I'm surprised at how few of the nation's leading companies aggressively use defensive publications to strengthen their intellectual asset portfolios. One major company I talked with recently told me that when they have a concept that they think should be published, they will write it up as a patent and file it with the PTO - paying big bucks to get a publication on file. Not to mention raising questions about knowingly filing something they don't think is really an invention. Doesn't sound wise at all! When I talk about the aggressive publication efforts I spearheaded at Kimberly-Clark, I get a lot of surprised looks. "Oh, we didn't think of that." "Didn't know you could do that so easily." "Hey, that really makes sense." But very few say anything like, "Right - we've been doing the same."
HP and IBM are vigorous publishers, to their credit. But much of the world really doesn't grasp how powerful publications can be. So why publish?
For one thing, defensive publications that create prior art can protect or even increase the value of your existing patents and applications. They can do this by disclosing numerous potential improvements to reduce the risk that others will get improvement patents on top of your estate. That strengthens your future patent clearance position ("freedom to operate" or "right to practice" are terms that others use). It also reduces the risk that a potential licensee will have to get lots of additional licenses from others to practice the art, thus preserving value in future licensing activity.
Publications can also be used to gain credibility for test methods or other tools that may be useful in your patents.
Publications may be used to reduce the value of competitive investments in certain technology areas, for you may be able to create prior art that reduces the potential patent territory that others can obtain in the future.
Publications can also confuse and distract competitors, as they struggle to understand if a publication from you reflects a serious investment in an area or is related to pending patent activity. To do this well, some of your publications should be based on actual patents you have filed, and others should look as if they are. And some should be anonymous but readily identifiable as your work, while others should disclose your identity.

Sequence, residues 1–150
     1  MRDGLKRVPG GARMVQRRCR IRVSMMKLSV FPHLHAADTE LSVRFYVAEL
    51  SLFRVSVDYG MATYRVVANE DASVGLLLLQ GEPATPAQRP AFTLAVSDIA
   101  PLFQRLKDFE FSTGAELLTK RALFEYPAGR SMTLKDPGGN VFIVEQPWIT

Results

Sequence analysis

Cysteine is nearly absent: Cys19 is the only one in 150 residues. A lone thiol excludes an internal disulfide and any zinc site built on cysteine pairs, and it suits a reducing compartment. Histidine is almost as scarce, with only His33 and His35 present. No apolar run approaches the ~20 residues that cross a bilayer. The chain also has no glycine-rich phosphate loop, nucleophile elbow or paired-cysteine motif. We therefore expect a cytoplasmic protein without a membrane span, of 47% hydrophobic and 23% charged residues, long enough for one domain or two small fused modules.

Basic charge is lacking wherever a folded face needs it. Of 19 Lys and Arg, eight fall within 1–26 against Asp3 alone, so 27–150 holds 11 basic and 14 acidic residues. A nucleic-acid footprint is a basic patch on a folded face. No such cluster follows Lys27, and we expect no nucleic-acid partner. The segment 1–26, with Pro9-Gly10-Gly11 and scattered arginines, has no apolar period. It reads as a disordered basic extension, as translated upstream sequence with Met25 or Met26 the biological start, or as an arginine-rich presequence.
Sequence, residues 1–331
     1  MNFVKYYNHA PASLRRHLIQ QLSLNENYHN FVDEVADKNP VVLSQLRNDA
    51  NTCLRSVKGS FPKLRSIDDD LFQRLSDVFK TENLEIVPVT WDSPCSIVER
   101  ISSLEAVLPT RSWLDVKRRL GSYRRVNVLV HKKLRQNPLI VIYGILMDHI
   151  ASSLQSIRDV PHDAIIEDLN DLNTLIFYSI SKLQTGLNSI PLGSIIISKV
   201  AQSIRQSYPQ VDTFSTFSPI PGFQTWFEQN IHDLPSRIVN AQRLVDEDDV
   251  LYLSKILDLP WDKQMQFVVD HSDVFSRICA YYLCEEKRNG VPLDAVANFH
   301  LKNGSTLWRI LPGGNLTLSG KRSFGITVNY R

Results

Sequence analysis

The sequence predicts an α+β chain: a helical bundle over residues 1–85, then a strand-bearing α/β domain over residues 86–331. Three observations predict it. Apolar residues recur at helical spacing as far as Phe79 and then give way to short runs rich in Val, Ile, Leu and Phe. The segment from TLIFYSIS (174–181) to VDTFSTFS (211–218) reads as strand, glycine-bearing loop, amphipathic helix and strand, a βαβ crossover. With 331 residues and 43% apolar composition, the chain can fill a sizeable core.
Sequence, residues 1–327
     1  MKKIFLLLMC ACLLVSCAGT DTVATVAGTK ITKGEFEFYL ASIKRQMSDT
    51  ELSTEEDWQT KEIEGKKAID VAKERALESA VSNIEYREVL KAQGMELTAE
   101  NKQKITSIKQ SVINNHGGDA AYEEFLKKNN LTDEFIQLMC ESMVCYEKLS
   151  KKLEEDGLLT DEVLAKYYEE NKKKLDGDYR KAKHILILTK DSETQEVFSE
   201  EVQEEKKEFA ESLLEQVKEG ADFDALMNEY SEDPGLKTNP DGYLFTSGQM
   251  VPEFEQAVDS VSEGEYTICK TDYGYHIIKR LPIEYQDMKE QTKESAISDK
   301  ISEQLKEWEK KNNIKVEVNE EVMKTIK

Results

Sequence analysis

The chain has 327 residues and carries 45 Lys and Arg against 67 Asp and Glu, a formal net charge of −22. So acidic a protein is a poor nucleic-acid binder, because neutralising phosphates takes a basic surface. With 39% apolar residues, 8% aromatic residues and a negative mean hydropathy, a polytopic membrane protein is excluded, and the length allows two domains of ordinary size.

There are several other things you can do with publications that we may discuss here later.
Where to publish? One venue that I strongly recommend is IP.com. This company has its origins in IBM's aggressive publication efforts, providing an opportunity for others to quickly and inexpensively publish a document that can be electronically searched by the PTO, and that is time stamped and archived with certain proof of its publication date, unlike most resources on the Web. Costs are low and ease of use is very high. It's one of the best ways to get prior art out there.
One of my publications at IP.com was recently cited by a PTO examiner against a case by IBM. Interesting! The PTO is increasingly using this resource.
If you want a holistic, broad approach to intellectual assets, you've got to do more than just file patents. At a minimum, you need to strengthen the patents you are seeking with additional publications. And there is much more you can do with that tool - just one of many tools beyond patents that must be part of a robust intellectual asset strategy.